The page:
Welcome Apple Season with a Humble Crumble

Isn’t it funny how some days you can be humming along, getting all sorts of things accomplished with nary a thought of fruit crumble, and then someone drops off a bag of Dudley apples from Hauser’s Superior View Farm in Bayfield, Wisconsin, and casually mentions they’re supposed to be good baking apples, and suddenly, you can’t get crumble off the brain? Not even for one minute? Not even for one second?

A few days ago, a long time friend of my mom’s paid me a visit. Gretchen is the closest thing I have to a fairy godmother, and any time she flies in from Michigan to see her mother, the sweet Grandma Bunny, she pops over to drop off some trinket or treasure she brings back from Bayfield, Wisconsin, which in her mind rivals Lake Harriet as one of the best places on earth. There have been little beaded baby moccasins, gorgeous hand-blown glass pen holders, and beautiful children’s books about Lake Superior, animals of the upper midwest, and scat identification. And, there are always brochures. Lots and lots of brochures. I think Gretchen is tickled by the fact that I ended up living blocks from the place where she grew up and would like us to vacation blocks from where she vacationed as a girl as well.

I would like to thank Gretchen for the apples (and I promise we will go to Bayfield soon!) because not only are they delicious on their own, they make a mean crumble, if I do say so myself. I think crumbles are fantastic, mostly because they are a dessert that comes together like a savory dish, where you really can add a dash of this and a sprinkle of that and a handful of this and get away with it. Perhaps it’s self serving, since I’m such a sloppy and impatient measurer, but I can’t think of another dessert as humble and homely that tastes as sublimely satisfying. It’s really hard to mess up a crumble and that, my friends, is a beautiful thing.

This recipe is basic and no frills, but it’s delicious. I usually double the amount of the topping and freeze it in different size Tupperware containers, so it’s a snap to throw a crumble together should some fruit come rolling through my door. Sometimes I need to make crumble for a crowd and I use the whole amount, but just as often, I’ll make a mini crumble for two, because, honestly, what can be cuter than a mini crumble for two? (Sadly, I think the mini crumble for two may be a thing of the past since my two oldest kids discovered they now love crumble.)

Aside from when I use rhubarb, I’ve lately been omitting the sugar from the fruit portion of the crumble. For my taste, the topping is sweet enough, especially if you’re going to be dolling it up with a little vanilla ice cream, whipped cream, or crème fraiche. I also like the fruit to have a bit of a bite to it, so I cut it in larger wedges, as opposed to the thin slices called for in many recipes. It also helps to use a firm fleshed apple like Dudley, Cortland, Jonathan, Honeycrisp or Grannysmith. If I’m buying at an orchard or farmers market, I ask the grower about the best baking apples because I love to hear their enthusiastic and lyrical descriptions. The crumble pictured above contains a small palm full of frozen blueberries from when we went blueberry picking this summer, and I love the color they add. (Note to self: pick and freeze way more blueberries next summer.)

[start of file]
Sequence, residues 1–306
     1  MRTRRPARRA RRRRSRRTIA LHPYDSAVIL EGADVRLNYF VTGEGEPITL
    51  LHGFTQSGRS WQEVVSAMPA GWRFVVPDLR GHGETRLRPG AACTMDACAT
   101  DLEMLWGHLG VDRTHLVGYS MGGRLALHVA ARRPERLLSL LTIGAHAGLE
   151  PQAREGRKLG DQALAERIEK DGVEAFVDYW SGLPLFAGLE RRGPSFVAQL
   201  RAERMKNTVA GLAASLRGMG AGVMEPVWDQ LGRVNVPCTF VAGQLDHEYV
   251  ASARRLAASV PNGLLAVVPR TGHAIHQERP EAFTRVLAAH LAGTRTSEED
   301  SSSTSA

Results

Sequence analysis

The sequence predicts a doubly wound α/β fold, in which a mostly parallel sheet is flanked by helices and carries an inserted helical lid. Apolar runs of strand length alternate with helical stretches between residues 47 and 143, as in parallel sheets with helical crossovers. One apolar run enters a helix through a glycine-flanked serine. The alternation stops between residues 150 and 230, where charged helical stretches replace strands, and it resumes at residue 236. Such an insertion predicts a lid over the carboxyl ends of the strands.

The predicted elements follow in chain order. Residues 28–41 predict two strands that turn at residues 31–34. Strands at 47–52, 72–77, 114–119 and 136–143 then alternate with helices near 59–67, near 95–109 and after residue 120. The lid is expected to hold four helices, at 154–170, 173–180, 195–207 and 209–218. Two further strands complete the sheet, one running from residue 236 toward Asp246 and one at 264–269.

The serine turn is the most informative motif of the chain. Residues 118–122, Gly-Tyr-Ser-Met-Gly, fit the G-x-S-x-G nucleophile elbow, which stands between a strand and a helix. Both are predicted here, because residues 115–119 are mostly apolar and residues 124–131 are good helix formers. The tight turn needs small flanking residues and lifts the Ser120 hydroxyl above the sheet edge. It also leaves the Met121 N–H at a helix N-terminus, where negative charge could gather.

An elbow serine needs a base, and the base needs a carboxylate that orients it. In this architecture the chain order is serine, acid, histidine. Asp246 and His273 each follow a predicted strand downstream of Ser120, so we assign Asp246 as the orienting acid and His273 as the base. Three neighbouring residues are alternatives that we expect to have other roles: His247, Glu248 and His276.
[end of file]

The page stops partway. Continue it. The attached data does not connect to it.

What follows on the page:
I’ve experimented with all sorts of combinations of berries, stone fruits, rhubarb and apples and never made a bad crumble. I’ve also thought about adding almonds or ginger to the topping, but I haven’t. I'm not sure why. I suppose I just like my crumble... not fancy.

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Apple (and a tiny bit Blueberry) Crumble

For the fruit:

5 - 7 good baking apples, peeled, cored and cut into wedges

small handful of blueberries

juice of ½ lemon

2 Tablespoons granulated sugar

¾ teaspoon cinnamon

For the topping:

2 cups quick-cooking oats

2 cups lightly packed brown sugar

1 cup flour

½ teaspoon salt

2 sticks plus 6 Tablespoons unsalted butter

1. Mix topping ingredients with your hands until butter is incorporated and it looks like crumble topping.

2. Place fruit mixture in 9 x 11 baking dish, top with crumble, and bake at 375 degrees for 35 - 40 minutes. Cool for 30 minutes.



Gabriela Lambert is a frequent contributor to Simple, Good and Tasty. You can also read more of her writing on her blog